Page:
Google Says It’s Not To Blame For The 5 Million Gmail Passwords Leaked

Google is not apologizing for the latest set of password leaks for Gmail accounts.

As reported in the Inquisitr, login credentials for about 5 million Gmail accounts were leaked earlier this week. The information was posted on a Russian forum for users of the Bitcoin cryptocurrency.

Google said it was not to blame for the security breach. On its online security blog, staffers wrote:

“Often, these credentials are obtained through a combination of other sources. For instance, if you reuse the same username and password across websites, and one of those websites gets hacked, your credentials could be used to log into the others. Or attackers can use malware or phishing schemes to capture login credentials.”

According to Google, only about 2 percent of the passwords leaked were still active. That might sound like a small security breach, but as Forbes points out, that amounts to about 100,000 Gmail users. Google said they had already alerted the users impacted by the leaks.

Still curious if your Gmail password has been leaked? Several websites allow you to check your account’s status — some more reputable than others.

For example, Forbes writes that was founded just as the Gmail passwords were leaked. Blogger James Watt has a conspiracy theory that the site was created to take advantage of hapless Gmail users.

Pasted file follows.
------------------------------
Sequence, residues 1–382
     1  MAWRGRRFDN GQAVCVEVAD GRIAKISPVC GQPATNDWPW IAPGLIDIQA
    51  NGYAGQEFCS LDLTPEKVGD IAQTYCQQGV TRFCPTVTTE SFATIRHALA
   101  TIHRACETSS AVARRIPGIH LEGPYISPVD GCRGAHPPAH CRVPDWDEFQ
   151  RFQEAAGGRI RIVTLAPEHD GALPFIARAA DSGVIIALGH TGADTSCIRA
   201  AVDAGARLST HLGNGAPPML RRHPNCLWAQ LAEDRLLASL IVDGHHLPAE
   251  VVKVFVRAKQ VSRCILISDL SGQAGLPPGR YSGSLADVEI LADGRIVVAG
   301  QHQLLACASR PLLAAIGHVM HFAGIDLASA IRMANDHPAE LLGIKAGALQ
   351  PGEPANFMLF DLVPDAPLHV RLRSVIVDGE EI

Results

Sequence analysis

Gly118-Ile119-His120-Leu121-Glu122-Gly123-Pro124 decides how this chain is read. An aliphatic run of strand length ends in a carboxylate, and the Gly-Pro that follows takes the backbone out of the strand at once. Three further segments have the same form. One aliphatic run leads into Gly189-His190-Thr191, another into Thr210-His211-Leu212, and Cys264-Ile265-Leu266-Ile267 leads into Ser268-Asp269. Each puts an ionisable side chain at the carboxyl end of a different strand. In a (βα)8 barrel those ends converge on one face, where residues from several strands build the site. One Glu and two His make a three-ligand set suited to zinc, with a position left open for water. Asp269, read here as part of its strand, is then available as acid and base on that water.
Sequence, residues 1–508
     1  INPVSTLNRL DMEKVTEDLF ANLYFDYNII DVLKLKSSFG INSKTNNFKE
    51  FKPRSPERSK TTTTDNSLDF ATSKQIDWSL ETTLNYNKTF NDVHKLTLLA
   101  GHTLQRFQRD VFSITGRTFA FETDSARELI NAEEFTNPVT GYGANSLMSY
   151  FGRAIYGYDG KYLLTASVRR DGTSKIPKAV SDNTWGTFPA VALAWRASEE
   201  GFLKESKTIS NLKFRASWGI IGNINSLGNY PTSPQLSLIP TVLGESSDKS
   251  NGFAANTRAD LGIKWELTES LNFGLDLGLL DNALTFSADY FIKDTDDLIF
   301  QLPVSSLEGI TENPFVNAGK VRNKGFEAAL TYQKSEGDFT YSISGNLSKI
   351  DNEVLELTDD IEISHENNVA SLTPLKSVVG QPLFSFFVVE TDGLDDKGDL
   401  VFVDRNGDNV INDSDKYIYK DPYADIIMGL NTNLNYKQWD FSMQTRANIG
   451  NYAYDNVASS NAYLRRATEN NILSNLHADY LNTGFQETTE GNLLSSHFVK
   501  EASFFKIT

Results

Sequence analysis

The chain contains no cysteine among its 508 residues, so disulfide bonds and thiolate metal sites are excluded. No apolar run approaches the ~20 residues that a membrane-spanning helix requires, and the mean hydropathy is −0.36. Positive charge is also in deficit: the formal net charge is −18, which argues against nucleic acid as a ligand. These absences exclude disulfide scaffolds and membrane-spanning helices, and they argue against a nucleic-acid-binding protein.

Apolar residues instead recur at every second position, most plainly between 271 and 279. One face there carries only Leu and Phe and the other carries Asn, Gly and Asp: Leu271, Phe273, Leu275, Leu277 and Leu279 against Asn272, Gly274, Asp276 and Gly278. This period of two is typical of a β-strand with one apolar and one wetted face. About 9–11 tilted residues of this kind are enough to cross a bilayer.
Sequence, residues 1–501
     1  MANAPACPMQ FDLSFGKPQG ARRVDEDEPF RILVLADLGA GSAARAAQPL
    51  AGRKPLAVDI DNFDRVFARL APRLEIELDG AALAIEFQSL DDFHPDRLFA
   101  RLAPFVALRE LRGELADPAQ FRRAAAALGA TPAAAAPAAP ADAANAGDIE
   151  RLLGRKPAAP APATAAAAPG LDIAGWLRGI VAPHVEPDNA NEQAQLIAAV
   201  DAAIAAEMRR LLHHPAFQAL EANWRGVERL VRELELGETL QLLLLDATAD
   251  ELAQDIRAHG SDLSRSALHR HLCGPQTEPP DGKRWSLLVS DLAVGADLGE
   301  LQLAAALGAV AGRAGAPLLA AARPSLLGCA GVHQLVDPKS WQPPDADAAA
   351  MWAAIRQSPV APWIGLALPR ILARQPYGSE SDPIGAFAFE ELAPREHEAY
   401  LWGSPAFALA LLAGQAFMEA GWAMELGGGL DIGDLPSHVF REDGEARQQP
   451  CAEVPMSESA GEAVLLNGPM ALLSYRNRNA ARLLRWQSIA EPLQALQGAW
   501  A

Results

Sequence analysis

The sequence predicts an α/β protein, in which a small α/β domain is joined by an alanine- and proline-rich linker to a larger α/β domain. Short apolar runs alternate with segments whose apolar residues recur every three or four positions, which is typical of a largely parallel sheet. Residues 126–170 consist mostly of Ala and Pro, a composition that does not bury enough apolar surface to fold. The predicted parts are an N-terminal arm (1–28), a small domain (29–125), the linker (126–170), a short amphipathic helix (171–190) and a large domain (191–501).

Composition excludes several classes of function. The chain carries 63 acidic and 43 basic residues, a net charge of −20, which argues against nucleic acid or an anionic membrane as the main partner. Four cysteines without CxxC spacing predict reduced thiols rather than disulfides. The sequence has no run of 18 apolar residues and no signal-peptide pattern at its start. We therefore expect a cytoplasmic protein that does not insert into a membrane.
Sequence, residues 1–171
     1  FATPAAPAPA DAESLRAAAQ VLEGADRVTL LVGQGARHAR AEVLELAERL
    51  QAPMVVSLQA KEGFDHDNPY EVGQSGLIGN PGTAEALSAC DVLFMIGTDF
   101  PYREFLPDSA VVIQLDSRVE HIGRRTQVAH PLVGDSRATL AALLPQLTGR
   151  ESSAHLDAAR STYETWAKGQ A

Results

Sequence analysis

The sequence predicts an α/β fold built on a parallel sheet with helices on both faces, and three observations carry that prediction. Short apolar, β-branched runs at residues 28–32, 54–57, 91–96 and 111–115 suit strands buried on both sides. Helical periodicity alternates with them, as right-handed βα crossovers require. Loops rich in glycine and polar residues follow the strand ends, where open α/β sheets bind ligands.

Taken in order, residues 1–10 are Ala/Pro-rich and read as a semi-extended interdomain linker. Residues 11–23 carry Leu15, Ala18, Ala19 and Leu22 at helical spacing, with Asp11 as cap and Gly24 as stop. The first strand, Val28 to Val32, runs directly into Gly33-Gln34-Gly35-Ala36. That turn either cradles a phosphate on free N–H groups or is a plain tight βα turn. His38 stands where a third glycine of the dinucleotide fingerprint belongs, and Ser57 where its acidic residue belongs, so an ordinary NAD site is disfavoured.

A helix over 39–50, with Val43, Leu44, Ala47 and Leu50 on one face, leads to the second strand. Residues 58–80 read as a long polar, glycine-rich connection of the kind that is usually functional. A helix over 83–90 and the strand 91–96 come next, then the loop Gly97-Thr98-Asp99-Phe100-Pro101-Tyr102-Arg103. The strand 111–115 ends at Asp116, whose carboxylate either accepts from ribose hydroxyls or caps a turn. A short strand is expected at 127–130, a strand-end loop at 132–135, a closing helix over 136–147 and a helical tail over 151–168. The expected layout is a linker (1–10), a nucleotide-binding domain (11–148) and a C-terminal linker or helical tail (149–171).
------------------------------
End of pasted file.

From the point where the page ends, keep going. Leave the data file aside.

Watt explains:

“[IsLeaked] could possibly be… harvesting email addresses (for spam or other hacking activities). It’s even possible that IsLeaked is run by the very people who leaked the passwords in the first place. Why could this be? Because IsLeakedwas registered on the [September] 8th, two days before the story broke.”

However, in an email to Forbes, IsLeaked’s anonymous creator said, “we just found [a text] file with logins and passwords and made a service…There is no conspiracy theory.”

Google is trying to reassure Gmail users that they’re on the prowl for potential hackers. They also offer some final tips for keeping your password safe from leaks:

“Make sure you’re using a strong password unique to Google. Update your recovery options so we can reach you by phone or email if you get locked out of your account. And consider 2-step verification, which adds an extra layer of security to your account.”

Gmail users can go through an ‘Account Checkup’ to enforce their password security.

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